In the first place, Thesus' prof publishes in AER-type journals and what polka is saying might not be that relevant or even publishable in these journals (the layout of AER itself is not that friendly to mathematical writing!). They're more interested in the economics that drives the result and not the properties of the mathematical model.

The two go hand in hand, that is, the properties of the model and the economics behind it. The reason they aren't currently 1-1 is exactly because of economists' lax attitude towards precision. I understand that most disagree with my views, but I just wanted to throw them out there.

Yes, the AER's two column per page is painful, for any kind of writing.

Olm
02-17-2008, 06:29 PM
I like two column formats :( so much easier to read, less wasted space (given the ~60 characters per line limit)!

reason
02-17-2008, 07:15 PM
Don't screw up your transcript to take a class when it is really not an absolute requirement. Try to get all A's in the other one.


This may be material for a another thread, but which is better: getting all A's in the degree subjects, or getting all A's in the degree subjects and B's to A's in additional* math courses?

*Additional as in taking more courses than required for the relevant degree.

macroeconomicus
02-18-2008, 02:34 AM
You don't need to use measure theory during the first year. In fact, you probably don't HAVE to know measure theory for any other class that you take. However, if you find out that you need to know measure theory or measure theoretic probability for your research, then you could just take the graduate course at the math department if and when you need it. Most departments allow you to squeeze in a free elective course from some other department after the first year.

Ancalagon The Black
02-18-2008, 04:00 AM
To everyone who knows:

Since i learnt from fp3690 what auditing a class actually means, I would like to ask everyone else what the point of auditing a class is? Why would you sit and do a class if you don't get credit for it? Because at the end of the day, credit matters in admissions no? Unless the adcoms consider auditing a class also?

reason:

I'd say, leave nothing to chance and get good marks in all the courses taken !! :D But others can probably have a better viewpoint than I have.

phdphd
02-18-2008, 04:36 AM
I would take measure theory not because of the subject per se but to signal to the adcoms how profficient I'm dealing with abstract material. This is the way to distinguish yourself among the pool, right?

I think auditing a class is better than nothing, but in the end of the day is like reading a math book without solving the exercizes, that's to say, it doesn't count that much.

By the way, our old friend Tom has some suggestions regarding math classes

http://homepages.nyu.edu/~ts43/

econorama
02-18-2008, 06:28 AM
Originally posted by Ancalagon The Black:
Since i learnt from fp3690 what auditing a class actually means, I would like to ask everyone else what the point of auditing a class is? Why would you sit and do a class if you don't get credit for it? Because at the end of the day, credit matters in admissions no? Unless the adcoms consider auditing a class also?I don't know why fp3690 is auditing a class, but I can tell you why I'm auditing one. I got my bachelor's a few years ago, and while I took a lot of math courses as an undergraduate, most of it is stuff I don't use anymore. I work as a math tutor, so some of the material is still fresh in my mind. But a lot of it is never covered in my students' classes. One of my old professors is teaching a mathematical economics course which I'm auditing. I'm not getting charged for it; I just turn up every week and do all of the homework. Some of it is almost too basic for me, but it's useful as a refresher course. Plus some of it is stuff I really don't remember at all at this point. It won't be enough, and I fully intend to study some other books before I turn up at math boot camp at whatever school I end up at. But seeing my professor every week forces me to stay up-to-date in the class, which will get me through May. And by that time, I will have either quit my job or cut down severely on my hours to give myself more time to study on my own.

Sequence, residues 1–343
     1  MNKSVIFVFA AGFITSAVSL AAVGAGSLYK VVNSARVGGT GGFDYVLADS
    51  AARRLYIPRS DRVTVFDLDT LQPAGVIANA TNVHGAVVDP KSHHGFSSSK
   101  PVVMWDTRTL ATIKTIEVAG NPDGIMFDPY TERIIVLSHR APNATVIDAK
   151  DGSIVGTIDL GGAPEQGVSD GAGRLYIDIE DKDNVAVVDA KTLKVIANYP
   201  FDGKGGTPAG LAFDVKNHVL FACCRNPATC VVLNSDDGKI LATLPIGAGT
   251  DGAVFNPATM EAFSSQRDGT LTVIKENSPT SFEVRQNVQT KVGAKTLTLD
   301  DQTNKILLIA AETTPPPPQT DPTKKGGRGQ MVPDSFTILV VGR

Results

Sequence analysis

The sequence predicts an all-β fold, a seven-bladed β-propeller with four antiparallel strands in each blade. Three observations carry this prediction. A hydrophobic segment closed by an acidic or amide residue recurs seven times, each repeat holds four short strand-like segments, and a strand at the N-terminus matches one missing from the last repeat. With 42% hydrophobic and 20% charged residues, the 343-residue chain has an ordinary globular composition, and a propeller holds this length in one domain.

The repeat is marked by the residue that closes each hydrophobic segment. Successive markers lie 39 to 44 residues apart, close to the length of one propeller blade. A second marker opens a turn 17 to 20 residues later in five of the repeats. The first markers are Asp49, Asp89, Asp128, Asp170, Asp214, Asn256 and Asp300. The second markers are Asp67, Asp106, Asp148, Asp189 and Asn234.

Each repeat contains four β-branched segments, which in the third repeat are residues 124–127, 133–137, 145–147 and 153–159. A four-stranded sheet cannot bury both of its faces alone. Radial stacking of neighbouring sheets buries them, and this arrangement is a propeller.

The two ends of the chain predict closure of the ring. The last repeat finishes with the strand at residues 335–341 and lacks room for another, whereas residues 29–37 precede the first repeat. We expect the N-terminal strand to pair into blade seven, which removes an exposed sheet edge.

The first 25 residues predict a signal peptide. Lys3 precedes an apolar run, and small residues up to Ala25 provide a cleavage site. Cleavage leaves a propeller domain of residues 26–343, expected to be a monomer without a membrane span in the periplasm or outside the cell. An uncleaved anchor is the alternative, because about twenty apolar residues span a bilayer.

I probably could've taken the course for credit, but couldn't justify spending that kind of money when I may soon be paying for things like moving expenses so I can go to a good school. Unless a graduate program specifically asks my professor (he was one of my recommenders) none of them will know about the course I'm in, but it's more for me than it is for them. Math courses aren't just to impress admissions committee, they're so you don't drown in your first-year courses.

Ancalagon The Black
02-18-2008, 06:54 AM
econorama:

Very well phrased indeed !! I see your point of view. Unfortunately or fortunately, I have been brought up to think differently, probably from my background - getting into a good school in India is way tougher and even more selective than getting into even the best and most selective schools in the US.

Rarely do we do anything that does not help us to get admission. I see your point of view about auditing a class just so to help your get back some concepts and learn some more so that you do well in first year PhD. We don't generally think like that. We jump into (or are thrown into) the deep end of the pool and we scratch and bite and somehow latch on. :D